(Antigua Observer) A police prosecutor accused of kidnapping a 13 year old girl and having sex with her on two occasions in 2016, walked free yesterday after the child said she did not want to proceed with the case and or to relive the incidents.
Crown Counsel Shannon Jones-Gittens called the teen to court to explain herself before Justice Keith Thom and, the girl indicated that she came to the decision after she spoke with her mother, counsellor and guardian. She further stated that she has forgiven the accused, and had she been in his shoes, she would have wanted to be forgiven as well.
The child, who is now a ward of the state, having been removed from her parents’ care, said she understood the seriousness of the allegations before the court which include one count of kidnapping and two counts of unlawful sexual intercourse – the latter is an offence which carries a maximum sentence of life in prison.
Jones-Gittens told the court that the teen, who is now 15, also spoke with her about the matter several times and, the Director of Public Prosecutions, Anthony Armstrong had asked for the Directorate of Gender Affairs to be involved and to offer counselling to the teen.
All this was done to ensure the child got professional help and advice throughout the entire process.
The prosecutor also indicated to the court that during one of the interactions with the teen as she prepared to prosecute the case, the child sat through the entire process, crying, without uttering one word.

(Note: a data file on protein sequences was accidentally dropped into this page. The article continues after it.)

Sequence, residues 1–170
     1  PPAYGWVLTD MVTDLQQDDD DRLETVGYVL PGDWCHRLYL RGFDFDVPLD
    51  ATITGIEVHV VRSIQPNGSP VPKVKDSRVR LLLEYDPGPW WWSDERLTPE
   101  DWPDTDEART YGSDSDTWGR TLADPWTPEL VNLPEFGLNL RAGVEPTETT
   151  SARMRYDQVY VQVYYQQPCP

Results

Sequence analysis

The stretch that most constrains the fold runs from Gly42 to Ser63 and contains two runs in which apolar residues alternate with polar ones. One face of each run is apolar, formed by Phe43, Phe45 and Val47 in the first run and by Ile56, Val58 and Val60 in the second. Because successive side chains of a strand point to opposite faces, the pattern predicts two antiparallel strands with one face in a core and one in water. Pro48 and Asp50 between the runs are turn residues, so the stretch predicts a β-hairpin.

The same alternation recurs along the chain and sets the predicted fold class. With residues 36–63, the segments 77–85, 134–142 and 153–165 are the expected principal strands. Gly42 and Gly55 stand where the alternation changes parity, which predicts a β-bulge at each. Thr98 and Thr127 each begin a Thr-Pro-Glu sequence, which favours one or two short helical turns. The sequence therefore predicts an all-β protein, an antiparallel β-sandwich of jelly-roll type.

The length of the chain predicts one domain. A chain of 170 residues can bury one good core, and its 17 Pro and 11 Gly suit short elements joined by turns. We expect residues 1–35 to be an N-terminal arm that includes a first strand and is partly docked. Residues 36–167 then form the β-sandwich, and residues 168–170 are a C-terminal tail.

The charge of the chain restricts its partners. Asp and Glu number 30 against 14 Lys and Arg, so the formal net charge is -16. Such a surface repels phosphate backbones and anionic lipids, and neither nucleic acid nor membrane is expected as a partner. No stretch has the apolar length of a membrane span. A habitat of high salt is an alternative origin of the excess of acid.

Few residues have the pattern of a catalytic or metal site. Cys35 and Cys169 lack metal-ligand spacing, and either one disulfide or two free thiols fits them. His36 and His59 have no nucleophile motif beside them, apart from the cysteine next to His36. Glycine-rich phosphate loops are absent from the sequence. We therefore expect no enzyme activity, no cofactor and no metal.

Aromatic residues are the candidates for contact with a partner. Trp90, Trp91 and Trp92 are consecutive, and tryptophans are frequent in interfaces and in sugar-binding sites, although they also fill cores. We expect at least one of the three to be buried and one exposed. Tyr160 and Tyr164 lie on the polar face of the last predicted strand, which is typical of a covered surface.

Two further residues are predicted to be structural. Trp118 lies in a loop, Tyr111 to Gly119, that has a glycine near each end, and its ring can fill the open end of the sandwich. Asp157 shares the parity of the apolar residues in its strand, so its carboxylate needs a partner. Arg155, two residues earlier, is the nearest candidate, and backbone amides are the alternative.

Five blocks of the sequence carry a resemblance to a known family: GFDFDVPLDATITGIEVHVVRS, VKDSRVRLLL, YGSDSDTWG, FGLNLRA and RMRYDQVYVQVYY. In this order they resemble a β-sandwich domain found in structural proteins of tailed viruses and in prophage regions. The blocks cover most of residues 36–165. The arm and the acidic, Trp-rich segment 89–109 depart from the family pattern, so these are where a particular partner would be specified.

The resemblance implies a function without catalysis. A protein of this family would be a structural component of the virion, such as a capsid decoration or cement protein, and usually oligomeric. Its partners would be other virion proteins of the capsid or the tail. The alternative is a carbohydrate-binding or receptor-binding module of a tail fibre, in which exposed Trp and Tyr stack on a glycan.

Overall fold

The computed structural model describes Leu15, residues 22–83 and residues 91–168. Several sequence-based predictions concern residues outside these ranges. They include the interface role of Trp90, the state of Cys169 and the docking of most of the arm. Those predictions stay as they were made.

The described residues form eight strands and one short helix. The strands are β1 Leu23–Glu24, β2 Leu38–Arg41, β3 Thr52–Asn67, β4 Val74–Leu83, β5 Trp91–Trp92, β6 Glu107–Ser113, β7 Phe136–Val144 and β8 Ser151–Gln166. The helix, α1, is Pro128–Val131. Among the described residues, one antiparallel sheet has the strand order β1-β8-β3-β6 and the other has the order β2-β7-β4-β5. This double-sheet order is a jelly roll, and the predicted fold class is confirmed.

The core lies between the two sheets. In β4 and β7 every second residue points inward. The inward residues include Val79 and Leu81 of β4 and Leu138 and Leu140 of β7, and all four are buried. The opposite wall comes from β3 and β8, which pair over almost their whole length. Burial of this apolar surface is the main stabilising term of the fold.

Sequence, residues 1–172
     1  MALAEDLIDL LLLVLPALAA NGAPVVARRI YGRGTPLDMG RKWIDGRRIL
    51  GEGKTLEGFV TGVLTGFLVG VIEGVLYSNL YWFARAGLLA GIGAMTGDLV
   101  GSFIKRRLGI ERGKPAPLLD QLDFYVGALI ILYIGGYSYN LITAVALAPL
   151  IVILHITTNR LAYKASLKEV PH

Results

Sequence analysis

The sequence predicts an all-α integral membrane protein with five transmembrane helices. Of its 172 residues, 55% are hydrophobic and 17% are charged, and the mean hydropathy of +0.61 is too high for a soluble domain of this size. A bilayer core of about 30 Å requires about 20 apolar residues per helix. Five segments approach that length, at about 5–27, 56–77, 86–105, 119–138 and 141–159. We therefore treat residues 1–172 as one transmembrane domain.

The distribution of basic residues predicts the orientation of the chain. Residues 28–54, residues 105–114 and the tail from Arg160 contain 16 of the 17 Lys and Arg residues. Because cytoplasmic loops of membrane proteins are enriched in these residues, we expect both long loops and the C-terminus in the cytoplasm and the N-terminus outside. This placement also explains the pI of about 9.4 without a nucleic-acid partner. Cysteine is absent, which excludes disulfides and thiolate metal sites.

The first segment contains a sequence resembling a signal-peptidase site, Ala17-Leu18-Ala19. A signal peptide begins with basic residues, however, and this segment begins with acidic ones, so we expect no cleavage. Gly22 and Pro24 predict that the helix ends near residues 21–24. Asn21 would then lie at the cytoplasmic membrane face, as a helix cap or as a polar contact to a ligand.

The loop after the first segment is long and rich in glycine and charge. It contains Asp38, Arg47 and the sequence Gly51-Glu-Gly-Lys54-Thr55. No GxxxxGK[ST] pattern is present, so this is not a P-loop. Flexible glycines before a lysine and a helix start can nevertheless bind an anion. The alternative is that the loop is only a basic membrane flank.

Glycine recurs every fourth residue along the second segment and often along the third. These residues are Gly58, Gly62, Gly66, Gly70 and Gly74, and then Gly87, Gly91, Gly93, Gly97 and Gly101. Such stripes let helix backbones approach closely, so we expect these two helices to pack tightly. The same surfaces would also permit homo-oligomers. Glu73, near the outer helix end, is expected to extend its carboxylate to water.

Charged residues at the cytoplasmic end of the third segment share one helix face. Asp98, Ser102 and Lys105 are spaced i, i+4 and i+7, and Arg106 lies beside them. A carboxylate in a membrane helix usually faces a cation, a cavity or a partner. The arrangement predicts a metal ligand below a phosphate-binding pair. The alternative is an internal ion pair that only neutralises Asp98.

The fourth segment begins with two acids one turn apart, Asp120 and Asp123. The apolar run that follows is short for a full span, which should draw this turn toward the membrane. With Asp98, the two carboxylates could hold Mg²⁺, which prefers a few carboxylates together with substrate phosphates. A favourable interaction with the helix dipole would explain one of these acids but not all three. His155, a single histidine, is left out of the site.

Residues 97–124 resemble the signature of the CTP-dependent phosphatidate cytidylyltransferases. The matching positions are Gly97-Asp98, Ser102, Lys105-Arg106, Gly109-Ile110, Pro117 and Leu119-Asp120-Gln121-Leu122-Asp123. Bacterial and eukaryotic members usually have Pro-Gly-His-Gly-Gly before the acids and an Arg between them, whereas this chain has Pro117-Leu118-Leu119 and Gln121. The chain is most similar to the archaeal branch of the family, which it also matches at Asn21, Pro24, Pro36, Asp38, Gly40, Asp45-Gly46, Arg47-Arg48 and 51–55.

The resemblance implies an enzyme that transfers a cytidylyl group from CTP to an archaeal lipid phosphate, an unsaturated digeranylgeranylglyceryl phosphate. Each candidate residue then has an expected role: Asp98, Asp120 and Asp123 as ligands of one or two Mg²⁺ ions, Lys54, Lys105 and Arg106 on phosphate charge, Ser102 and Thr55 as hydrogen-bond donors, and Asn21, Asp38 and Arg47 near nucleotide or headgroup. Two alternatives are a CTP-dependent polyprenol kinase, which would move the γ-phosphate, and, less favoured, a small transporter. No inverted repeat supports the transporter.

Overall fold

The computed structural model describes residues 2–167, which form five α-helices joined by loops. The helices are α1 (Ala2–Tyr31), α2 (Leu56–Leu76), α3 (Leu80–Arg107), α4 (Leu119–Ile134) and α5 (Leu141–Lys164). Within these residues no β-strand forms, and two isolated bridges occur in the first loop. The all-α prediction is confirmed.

As a result of the request from the teen not to proceed with the trial, the prosecution withdrew the charges, and the cop of over a decade service, walked out the court, free of all the allegations
The allegations made against the officer were that around July 26, 2016, in the height of Carnival activities, the child was working with a woman who was operating a Barbecue stall in St. John’s, and the woman sent her to a shop nearby.
While on the way, the officer allegedly approached the teen, whom he knew, and told her to join him in his vehicle and when she did not, he forced her inside and took her to his home.
There, he allegedly engaged her in sex even though she was 13 and the age of consent is 16.
The following day, he allegedly reached out to her and she went to his home where he again, allegedly had sex with her contrary to the Sexual Offences Act which sets out the age of consent.
As the police began investigating the matter, the junior ranking policeman had left Antigua and Barbuda and weeks passed before he returned to the state, after providing medical records indicating he could not fly.
On his return, he was charged and briefly remanded, then released on bail.
However, Justice Keith Thom revoked the bail based on evidence from a witness who said the officer went to the child’s school on November 25, 2016 enquiring about her and a cellular phone which was confiscated from her some time ago.
The court heard that the corporal of police identified himself to the witness and said he was not at the school in his capacity as a police officer, but as an accused acting on legal advice to gather evidence to build his defence. Earlier this year, the officer was again granted bail but was only released two months ago after he met the conditions.
The officer’s name has been withheld since the Sexual Offences Act bars publication unless the individual is convicted.
The next issue to be addressed is his employment with the Royal Police Force of Antigua and Barbuda, from which he was suspended pending the outcome of the case.